3. Suggestive evidence that error/bias in relationship between initiatives and polls driven by:
    1. Orientation of polling question
    2. Change in the direction of status quo in initiative

As someone who cares a lot about what the nation as a whole thinks, these results are reassuring. It fits the growing body of evidence that issue polls are not substantially biased toward or against Democrats or Republicans.

But the new research does introduce a few (severe) caveats when covering state-level policy preferences. Left-leaning ballot initiatives, such as for gun control and marijuana legalization, do consistently worse at the ballot box in more Democratic states. Conservative proposals, correspondingly, are less popular than they appear in very red states. Reporting on state-level ballot initiative polls will have to take these dynamics into account.

Robinson, Warshaw, and Sides, for their part, plan to do more research into the source of these large biases towards the status quo.

. . .

I should add that there is one important problem with using ballot initiatives to study the accuracy of issue polls. This could explain part of the observed “status quo bias” the authors observe in their MRP estimates. That bias is that the population of adults in a state, which polls sample, is different from the population of voters who actually turn out for the ballot initiative. From other research (some of which is my own), we know that all adults nationwide tend to be at least a little more liberal than the electorate.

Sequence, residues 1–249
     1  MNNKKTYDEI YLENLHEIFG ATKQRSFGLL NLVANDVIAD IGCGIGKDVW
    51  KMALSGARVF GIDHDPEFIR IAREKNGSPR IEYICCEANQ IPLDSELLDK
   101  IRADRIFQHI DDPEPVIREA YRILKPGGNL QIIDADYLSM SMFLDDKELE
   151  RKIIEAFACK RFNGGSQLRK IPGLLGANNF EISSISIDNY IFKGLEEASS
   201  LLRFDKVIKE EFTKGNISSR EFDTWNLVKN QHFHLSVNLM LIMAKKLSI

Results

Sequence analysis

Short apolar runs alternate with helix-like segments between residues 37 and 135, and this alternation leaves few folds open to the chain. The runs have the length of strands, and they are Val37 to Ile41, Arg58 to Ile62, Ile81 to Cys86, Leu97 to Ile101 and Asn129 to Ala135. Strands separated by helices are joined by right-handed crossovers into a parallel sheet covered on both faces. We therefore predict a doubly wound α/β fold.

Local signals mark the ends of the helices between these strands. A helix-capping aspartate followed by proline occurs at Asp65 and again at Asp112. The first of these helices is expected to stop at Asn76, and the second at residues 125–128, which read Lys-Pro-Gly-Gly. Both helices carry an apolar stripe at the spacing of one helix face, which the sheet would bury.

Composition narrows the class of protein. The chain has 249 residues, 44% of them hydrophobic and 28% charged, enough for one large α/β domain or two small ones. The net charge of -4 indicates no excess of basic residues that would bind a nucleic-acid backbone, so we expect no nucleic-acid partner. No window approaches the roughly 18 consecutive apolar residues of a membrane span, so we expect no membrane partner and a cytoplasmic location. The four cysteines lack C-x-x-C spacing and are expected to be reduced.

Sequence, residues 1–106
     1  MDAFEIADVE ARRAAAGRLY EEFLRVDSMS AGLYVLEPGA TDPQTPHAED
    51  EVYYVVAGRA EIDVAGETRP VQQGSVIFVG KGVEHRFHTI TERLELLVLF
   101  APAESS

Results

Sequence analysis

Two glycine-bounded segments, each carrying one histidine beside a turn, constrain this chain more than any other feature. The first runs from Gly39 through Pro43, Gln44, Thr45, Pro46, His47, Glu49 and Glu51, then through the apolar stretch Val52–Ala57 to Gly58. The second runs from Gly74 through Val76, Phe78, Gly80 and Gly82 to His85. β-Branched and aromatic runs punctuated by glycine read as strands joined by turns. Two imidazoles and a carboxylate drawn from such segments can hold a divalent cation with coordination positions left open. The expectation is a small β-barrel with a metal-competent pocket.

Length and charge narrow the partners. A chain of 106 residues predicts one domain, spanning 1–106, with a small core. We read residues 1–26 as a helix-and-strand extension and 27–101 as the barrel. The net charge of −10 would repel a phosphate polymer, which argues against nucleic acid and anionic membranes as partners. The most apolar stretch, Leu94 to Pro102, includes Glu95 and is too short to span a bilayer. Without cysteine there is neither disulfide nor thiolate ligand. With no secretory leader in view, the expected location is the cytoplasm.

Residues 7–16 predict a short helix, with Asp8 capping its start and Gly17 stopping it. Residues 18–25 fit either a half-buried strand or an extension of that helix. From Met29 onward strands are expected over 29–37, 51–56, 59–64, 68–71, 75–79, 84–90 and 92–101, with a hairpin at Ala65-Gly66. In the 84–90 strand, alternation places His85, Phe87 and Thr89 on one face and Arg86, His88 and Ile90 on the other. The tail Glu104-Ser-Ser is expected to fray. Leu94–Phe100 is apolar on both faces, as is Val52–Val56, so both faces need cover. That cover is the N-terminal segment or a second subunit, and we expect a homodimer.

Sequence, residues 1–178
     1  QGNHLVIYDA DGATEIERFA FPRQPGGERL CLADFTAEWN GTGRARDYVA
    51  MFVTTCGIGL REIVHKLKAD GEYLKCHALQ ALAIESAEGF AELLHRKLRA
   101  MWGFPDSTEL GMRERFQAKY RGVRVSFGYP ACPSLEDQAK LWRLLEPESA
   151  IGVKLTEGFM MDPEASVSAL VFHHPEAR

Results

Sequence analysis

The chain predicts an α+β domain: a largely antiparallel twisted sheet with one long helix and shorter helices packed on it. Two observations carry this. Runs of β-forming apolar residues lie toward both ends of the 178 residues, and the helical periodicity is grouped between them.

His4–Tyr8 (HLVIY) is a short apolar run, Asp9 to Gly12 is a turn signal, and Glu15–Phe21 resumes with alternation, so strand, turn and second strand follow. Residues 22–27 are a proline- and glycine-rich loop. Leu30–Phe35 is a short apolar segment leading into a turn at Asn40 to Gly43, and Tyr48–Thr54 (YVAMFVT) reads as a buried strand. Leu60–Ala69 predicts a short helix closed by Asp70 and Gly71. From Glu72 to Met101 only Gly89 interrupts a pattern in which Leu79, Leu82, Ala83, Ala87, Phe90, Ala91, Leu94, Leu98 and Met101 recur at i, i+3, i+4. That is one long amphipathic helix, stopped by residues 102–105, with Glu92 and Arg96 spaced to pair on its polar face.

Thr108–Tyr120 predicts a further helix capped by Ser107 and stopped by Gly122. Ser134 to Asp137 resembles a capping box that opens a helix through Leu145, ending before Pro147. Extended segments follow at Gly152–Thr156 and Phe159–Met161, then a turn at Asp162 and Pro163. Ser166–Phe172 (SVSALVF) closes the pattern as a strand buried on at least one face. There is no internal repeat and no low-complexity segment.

However, the adults-voters disconnect would only explain why the liberal issues (eg gun control) get overestimated in the data, not why popular conservative issues would be too. The operating hypothesis has to be that voters are more ideological than voters, which doesn’t really jibe with a lot of other research looking at the relationship between participation and attitudes. So the puzzle persists.

To throw one more wrench in the pool of explanations: the observed relationship here (a status quo bias) is the opposite of what we’ve observed in both regular polls and MRP models for presidential candidate vote choice, where polls tend to underestimate the dominant party in a given state. Weird!

Overall, this leaves me with one important question: should policymakers listen to the polls, which might offer a true quantification of what people want in the abstract, eg in an ideal world, or should they put the question to the people to decide in a referendum to decide the future of our real world? Expressed slightly differently: which is the “better” expression of what the public really wants: polls or ballot initiatives?

Given the strong status quo bias in ballot initiatives, Robinson, Warshaw, and Sides may just stumbled upon a big reason why they don’t actually improve representation all that much.

. . .

PS, the authors included this very entertaining comic with their research. This is proof enough that even academics can have a sense of humor.

Read the article on Substack >